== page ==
The Centre on Monday refused to bail out the Vasundhara Raje government in Rajasthan from the Gujjar quota issue, with the Union Law Ministry saying it was for the state to decide whether it wanted to provide reservation to a community or not.
“The opinion has been sent to the Home Ministry, which wanted to know what the legal position on the issue was,” a senior Law Ministry official said. “The Constitution provides for reservation to communities based on clearly laid out criteria, but the decision has to be taken by the state governments.”
The ministry’s opinion comes as a setback to the Rajasthan government which had lobbed the ball in the Centre’s court after the fresh round of Gujjar agitation demanding Scheduled Tribe status, led to the killing of 43 people in police firing last month.
Faced with all-round criticism and under pressure from the BJP central leadership to bring the situation under control, Chief Minister Vasundhara Raje, in a letter to Prime Minister Manmohan Singh last week had demanded “4 to 6 per cent reservation for Gujjars in the category of denotified class of tribals/nomadic tribe”.
Rajasthan Parliamentary Affairs Minister Rajinder Singh Rathore said the CM had left it to the Centre to decide under which category the Gujjars could be provided reservation “as this was a sensitive issue and required a proper central legislation applicable to the entire country”.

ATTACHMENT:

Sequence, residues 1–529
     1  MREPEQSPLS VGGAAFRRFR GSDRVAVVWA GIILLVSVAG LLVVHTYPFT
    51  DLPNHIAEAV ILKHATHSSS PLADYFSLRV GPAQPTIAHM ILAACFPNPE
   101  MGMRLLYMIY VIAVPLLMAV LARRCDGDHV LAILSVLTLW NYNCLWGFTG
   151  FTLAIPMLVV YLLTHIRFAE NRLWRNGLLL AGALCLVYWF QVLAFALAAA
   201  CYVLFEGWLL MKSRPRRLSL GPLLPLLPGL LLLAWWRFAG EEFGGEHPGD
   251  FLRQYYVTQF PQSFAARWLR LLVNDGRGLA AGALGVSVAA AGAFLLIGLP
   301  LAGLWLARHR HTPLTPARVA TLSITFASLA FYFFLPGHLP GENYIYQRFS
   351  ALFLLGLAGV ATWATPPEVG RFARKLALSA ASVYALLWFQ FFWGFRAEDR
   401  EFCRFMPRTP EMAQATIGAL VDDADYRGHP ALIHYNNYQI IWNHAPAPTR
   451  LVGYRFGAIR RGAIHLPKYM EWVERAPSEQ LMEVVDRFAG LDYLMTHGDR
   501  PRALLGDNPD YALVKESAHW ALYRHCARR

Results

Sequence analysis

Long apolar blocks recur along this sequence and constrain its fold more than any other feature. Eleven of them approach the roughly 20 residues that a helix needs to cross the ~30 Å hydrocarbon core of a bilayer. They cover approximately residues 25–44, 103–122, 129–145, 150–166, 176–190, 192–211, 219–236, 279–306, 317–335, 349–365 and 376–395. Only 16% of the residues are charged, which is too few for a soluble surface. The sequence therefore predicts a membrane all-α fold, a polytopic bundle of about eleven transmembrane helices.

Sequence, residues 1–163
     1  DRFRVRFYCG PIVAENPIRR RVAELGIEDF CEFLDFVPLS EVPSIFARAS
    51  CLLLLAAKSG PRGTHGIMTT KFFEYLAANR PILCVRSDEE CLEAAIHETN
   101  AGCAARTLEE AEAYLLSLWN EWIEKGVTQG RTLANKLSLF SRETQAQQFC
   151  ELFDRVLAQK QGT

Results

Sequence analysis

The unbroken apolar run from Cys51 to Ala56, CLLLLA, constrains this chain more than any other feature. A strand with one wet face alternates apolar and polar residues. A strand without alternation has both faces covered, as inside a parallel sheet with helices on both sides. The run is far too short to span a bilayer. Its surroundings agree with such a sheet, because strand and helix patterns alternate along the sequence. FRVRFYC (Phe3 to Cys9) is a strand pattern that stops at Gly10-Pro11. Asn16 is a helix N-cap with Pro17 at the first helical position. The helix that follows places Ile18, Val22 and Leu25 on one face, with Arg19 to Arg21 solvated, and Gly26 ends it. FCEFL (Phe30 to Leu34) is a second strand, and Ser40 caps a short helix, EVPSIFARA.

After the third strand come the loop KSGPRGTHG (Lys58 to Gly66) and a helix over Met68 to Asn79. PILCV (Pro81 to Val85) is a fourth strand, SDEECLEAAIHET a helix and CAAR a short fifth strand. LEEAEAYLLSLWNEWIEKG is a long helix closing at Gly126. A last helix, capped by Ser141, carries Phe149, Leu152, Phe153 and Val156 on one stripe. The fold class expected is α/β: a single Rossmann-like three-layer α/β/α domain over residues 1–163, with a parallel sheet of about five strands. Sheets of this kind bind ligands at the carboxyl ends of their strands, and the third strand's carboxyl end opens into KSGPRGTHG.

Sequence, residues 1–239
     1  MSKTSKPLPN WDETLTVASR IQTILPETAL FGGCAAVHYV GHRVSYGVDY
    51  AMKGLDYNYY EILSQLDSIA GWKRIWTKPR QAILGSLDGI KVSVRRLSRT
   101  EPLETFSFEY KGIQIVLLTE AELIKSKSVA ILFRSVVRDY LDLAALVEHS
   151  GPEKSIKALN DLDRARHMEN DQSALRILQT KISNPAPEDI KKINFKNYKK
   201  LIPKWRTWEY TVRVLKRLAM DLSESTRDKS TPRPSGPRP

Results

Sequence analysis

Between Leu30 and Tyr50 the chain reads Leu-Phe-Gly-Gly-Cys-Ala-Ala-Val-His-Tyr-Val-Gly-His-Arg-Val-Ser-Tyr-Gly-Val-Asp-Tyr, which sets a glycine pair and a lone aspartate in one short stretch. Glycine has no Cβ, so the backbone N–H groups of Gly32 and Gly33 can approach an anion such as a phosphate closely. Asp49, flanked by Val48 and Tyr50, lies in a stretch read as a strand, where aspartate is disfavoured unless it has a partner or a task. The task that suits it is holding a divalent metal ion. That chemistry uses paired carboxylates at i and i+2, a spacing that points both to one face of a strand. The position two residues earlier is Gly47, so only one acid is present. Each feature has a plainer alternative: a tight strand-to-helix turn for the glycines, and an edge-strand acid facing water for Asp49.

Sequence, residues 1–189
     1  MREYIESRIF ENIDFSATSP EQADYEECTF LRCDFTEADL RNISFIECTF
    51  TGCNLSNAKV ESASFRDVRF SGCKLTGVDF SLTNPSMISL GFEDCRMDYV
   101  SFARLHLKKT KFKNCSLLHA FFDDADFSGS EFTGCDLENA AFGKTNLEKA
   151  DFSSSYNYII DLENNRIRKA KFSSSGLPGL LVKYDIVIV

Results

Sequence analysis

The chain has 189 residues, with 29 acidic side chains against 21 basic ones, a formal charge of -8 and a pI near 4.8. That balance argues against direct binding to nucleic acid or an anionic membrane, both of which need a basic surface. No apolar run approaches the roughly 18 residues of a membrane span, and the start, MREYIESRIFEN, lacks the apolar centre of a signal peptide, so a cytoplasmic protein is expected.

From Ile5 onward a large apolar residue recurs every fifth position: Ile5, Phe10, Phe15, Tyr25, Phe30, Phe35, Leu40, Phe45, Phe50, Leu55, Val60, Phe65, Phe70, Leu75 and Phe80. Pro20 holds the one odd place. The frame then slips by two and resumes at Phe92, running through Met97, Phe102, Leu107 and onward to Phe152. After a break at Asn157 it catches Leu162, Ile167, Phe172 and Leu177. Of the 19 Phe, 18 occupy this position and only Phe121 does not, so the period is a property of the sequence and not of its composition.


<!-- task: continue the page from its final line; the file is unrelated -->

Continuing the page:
However, the state failed to convince the Centre as the Law Ministry officials wanted complete data and justification for the demand behind seeking quota for the Gujjars.
Citing the example of reservation benefits extended to tribals in Maharashtra, the Law Ministry’s opinion also pointed towards Article 16 of the Constitution, which states:
“Nothing in this article shall prevent the State from making any provision for the reservation of appointments or posts in favour of any backward class of citizens which, in the opinion of the State, is not adequately represented in the services under the State”.
The Law Ministry’s opinion effectively sends the matter back to the state government, which will have to find a fresh solution to the crisis it has been battling for over two years now.